In the air, water, and even under foot, insects inhabit every domain of our daily lives, performing essential functions that balance our fragile ecosystem on earth.
By using cutting-edge technology and custom methods, artist Bob Sober created Small Wonders: Insects in Focus, an exhibition of breathtaking beauty that allows viewers to see this hidden world like they’ve never seen it before.
Small Wonders aims to inspire, in an artistic way, our natural curiosity to understand the form, function, and diversity of nature. The exhibition opens Jan. 29 at the Stauth Memorial Museum and will be on display for seven weeks through March 16.
Insects have been on earth 350 million years, while sharing the planet with humans for only the past two million years.
Hundreds of thousands of insect species have been documented (scientists believe 30 million may exist), far outnumbering the total of all other animal species. Insects are so prolific that thousands share our own backyards.
Creating human-scale images of insects, with resolution so high that every hair, dimple, and tiny structure is clearly revealed, was impossible prior to the technological advancements of the past ten years.
High-resolution digital cameras, fast personal computers, economical digital storage, and powerful software applications capable of assisting with the assembly of hundreds or thousands of individual photographs create the opportunity to capture accurate images of insects as they truly exist.
These new ways of seeing confront viewers with the idea that insects display the elements we attribute to good design or beautiful artwork. Colors like neon green, sapphire blue, crimson red, deep violet, and brilliant yellow are all part of the insect world.
Wild, multi-colored patterns sometimes come from hair, sometimes from iridescent scales, and other times from colors integral to the insect’s exoskeleton.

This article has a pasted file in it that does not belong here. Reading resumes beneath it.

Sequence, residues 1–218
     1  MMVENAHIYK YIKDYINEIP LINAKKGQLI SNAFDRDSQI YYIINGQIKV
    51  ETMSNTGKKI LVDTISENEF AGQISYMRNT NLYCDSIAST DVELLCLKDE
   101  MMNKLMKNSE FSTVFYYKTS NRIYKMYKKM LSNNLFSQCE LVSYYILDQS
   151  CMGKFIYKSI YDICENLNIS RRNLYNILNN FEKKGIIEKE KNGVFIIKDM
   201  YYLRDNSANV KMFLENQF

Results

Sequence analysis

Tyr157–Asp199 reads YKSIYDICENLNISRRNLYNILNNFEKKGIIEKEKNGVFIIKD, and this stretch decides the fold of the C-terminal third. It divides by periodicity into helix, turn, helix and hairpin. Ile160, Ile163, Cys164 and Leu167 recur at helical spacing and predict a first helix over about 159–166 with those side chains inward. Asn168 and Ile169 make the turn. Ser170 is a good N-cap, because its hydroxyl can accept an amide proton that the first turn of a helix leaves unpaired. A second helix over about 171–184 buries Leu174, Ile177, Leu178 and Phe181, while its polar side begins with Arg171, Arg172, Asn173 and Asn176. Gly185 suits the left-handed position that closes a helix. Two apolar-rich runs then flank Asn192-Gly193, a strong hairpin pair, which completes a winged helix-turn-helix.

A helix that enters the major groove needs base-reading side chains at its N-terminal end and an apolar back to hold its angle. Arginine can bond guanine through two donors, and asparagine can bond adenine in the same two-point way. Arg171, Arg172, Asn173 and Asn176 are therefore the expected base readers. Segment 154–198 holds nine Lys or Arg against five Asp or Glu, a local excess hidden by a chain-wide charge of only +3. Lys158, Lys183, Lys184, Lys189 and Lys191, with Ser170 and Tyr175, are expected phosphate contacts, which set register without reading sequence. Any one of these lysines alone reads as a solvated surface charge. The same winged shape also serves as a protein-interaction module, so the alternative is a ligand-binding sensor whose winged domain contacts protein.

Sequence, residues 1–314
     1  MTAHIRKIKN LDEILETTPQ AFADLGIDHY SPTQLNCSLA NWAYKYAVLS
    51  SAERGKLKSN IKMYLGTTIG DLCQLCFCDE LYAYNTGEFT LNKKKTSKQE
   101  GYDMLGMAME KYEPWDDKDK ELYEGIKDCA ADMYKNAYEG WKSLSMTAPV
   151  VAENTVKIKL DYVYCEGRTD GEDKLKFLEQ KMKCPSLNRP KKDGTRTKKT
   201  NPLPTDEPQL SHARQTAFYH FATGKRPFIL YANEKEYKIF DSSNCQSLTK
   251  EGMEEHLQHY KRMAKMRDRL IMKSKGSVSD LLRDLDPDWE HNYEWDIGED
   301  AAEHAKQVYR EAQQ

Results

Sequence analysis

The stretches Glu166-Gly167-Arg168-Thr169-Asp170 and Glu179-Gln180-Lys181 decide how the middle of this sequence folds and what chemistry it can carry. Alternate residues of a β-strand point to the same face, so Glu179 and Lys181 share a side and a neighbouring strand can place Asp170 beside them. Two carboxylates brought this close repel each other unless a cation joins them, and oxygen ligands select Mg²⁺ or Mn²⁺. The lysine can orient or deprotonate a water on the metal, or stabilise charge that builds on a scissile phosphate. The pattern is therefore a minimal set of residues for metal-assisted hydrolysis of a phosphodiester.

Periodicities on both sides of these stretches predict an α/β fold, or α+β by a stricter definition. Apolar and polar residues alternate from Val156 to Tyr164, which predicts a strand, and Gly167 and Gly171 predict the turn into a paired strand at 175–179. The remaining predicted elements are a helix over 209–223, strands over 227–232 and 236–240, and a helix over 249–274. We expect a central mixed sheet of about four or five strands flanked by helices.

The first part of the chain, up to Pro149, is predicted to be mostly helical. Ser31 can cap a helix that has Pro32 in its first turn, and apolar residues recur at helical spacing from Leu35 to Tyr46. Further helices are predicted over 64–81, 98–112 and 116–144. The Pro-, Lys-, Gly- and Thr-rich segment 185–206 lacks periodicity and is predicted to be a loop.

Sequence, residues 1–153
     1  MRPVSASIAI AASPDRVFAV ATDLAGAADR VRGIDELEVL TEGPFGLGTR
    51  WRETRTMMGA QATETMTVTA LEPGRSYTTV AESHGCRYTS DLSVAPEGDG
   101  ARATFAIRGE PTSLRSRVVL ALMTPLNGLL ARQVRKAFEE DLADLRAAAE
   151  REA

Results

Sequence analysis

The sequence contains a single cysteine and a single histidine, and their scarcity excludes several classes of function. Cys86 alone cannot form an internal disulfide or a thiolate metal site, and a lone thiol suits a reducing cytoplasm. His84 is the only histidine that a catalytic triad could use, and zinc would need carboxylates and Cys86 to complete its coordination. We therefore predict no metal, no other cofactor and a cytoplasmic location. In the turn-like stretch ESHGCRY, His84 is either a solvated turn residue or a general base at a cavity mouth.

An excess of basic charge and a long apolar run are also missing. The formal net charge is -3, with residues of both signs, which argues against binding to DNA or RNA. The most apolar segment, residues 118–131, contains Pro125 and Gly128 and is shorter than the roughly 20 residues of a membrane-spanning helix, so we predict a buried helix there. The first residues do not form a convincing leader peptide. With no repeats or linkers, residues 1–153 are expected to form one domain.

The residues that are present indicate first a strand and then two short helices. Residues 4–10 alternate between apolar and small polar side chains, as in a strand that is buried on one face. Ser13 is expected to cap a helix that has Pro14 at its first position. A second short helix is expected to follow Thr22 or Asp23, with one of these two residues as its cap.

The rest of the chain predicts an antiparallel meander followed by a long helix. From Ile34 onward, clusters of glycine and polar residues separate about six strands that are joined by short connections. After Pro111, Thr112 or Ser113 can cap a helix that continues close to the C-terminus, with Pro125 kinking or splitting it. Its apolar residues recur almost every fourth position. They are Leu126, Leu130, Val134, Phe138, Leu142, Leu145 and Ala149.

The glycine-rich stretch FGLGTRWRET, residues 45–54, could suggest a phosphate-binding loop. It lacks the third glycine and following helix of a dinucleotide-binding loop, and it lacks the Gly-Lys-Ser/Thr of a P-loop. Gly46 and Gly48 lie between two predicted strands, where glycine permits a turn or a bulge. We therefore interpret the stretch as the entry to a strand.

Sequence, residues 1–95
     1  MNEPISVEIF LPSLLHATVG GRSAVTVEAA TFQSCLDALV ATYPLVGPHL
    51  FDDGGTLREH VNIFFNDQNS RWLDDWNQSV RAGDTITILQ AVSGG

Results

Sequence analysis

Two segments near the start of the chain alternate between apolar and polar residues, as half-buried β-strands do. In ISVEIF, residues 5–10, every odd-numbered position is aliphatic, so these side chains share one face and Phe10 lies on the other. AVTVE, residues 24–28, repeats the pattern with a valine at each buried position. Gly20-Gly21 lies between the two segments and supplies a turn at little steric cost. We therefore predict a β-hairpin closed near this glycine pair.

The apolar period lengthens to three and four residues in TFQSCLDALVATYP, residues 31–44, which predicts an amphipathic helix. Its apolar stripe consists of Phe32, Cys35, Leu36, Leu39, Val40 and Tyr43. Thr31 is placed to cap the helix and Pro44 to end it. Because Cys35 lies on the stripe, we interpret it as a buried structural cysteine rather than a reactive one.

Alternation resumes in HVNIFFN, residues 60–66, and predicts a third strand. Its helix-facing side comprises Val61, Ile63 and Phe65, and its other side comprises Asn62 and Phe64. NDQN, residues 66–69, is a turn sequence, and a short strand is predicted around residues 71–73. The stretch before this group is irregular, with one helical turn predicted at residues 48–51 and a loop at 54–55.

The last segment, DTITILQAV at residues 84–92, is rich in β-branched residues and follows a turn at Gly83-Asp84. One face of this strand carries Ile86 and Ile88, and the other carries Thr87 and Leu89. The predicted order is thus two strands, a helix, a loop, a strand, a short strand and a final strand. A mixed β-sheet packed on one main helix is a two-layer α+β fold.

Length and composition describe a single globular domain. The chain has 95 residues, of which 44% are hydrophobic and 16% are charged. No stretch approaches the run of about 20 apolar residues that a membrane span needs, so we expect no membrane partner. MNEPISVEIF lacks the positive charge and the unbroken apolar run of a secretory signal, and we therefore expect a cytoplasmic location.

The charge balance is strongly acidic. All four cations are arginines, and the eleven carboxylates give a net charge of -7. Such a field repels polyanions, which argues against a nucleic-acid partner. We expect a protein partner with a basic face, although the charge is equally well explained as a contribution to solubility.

Smooth metallic finishes and heavily stippled texture may exist on the same insect. Strange body shapes, delicate wing structures, and beautifully engineered body components captivate. These tiny creatures are indeed artwork, in every sense of the word.
Bob Sober, a visual artist as well as technological pioneer whose photographic techniques are the subject of educational tutorials, offers a series of 30 images that bring the natural world to a scale rarely experienced until now.
Small Wonders finds viewers at the intersection of art and science, and brings together two fields of thought in a provocative and inspiring way. The exhibition is organized by ExhibitsUSA, a program of Mid-America Arts Alliance.
Small Wonders: Insects in Focus is partially funded at the Stauth Memorial Museum by a grant from The Arthur and Cornelia Scroggins Foundation Fund at the Community Foundation of Southwest Kansas.
The Stauth Museum asks to call in advance for groups of five or more with tours and groups welcome by appointment.
Contact 620-846-2527 for information or to set up a tour.
Hours for the Stauth Museum, 111 N Aztec Street in Montezuma, are Tuesday through Saturday from 9 a.m. to noon, 1 to 4:30 p.m.
They are closed on Mondays and all major holidays.
Admission is free, but donations are gratefully accepted to help pay for the exhibit.
Visit www.stauthmemorialmuseum.org for up-to-date exhibit and museum information.